DNA is the building blocks for life. But how much do you know about DNA? Test your knowledge and impress your family and friends with these 10 fascinating facts.
- DNA stands for deoxyribonucleic acid.
- DNA is a long thin molecule made up of nucleotides. There are 4 different types of nucleotides - these are adenine, thymine, cytosine, and guanine, and each is represented by their first letter - A, T, C, G. Nucleotides are sometimes called bases. Although there are only 4 letters, DNA molecules are thousands of letters long, allowing for billions of different combinations.
- DNA is like a recipe that holds the instructions for telling our bodies how to develop and function. DNA code is held by the nucleotide letters and the different letters represent different
- Every 3 nucleotide letters form a codon. An example of a string of codons is ATC TGA GGA AAT GAC CAG ATG GCA. These are strung together to make a DNA sequence called a gene.
- Within each DNA string are sets of instructions called genes. A gene tells a cell how to make a specific protein. Proteins are used by the cell to perform a certain function and give the cell a specific job.
- DNA is in the shape of a double helix and looks like a twisted ladder. The rungs of the ladder are the A, T, C, G nucleotide bases that are locked together in pairs by hydrogen bonds, but only certain sets of nucleotides can fit together - A only connects to T and G only connects with C. The nucleotides are held together by a backbone made of phosphate and deoxyribose. The human genome contains 3 billion base pairs of DNA.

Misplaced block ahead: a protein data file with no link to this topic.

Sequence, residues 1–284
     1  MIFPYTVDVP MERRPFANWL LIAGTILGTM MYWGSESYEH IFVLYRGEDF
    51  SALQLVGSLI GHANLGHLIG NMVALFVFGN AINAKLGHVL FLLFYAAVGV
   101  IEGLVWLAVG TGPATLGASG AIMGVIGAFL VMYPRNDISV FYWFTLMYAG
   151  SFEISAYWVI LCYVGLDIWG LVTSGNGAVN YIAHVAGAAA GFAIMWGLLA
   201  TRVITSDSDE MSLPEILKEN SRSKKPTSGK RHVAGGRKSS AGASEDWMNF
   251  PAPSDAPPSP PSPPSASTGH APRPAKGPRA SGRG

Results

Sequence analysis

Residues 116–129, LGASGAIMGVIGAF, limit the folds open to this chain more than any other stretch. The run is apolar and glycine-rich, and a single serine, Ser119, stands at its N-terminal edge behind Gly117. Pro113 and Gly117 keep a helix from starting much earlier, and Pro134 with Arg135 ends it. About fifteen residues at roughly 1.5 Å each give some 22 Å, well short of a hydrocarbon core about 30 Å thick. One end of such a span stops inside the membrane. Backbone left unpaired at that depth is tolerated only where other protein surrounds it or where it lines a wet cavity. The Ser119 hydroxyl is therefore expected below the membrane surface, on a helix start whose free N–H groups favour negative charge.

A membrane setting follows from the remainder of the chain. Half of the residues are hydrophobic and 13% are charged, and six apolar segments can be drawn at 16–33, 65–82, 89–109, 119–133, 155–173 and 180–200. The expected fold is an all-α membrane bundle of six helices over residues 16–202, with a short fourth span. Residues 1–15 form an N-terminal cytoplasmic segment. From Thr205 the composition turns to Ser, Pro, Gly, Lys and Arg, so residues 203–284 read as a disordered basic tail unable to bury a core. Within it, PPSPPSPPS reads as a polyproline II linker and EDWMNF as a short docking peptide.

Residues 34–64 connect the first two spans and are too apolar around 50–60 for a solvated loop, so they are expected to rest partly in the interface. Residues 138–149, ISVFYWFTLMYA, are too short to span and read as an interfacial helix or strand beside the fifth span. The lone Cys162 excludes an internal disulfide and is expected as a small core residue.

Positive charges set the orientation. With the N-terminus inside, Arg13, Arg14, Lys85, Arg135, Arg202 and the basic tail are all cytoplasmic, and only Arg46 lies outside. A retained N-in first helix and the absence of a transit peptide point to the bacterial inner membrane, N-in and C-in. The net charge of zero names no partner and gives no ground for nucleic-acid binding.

- In 2001, scientists made a map of all the genes that make a person - this complete DNA sequence is known as the human genome. About 99.9% of DNA of every person on the planet is the same - it’s the 0.1% that makes us unique.
- You have 96% of your DNA in common with a chimpanzee, 90% with a cat, 85% with a mouse, 80% with a cow, 60% with a chicken, and 60% with a banana.
- DNA was first isolated and identified by Swiss biologist Freidrich Meischer in 1869. The double helix structure of DNA was discovered by James Watson and Francis Crick in 1953.
- If you unravelled all DNA molecules in your body and placed them end to end it would stretch over 110 billion miles and be able to stretch to the Sun and back over 600 times.
Want to learn more about DNA and biology? For more science, more amazing facts, and more fun, enrol now in our holiday camps and science classes where kids can learn, experiment, explore, and play!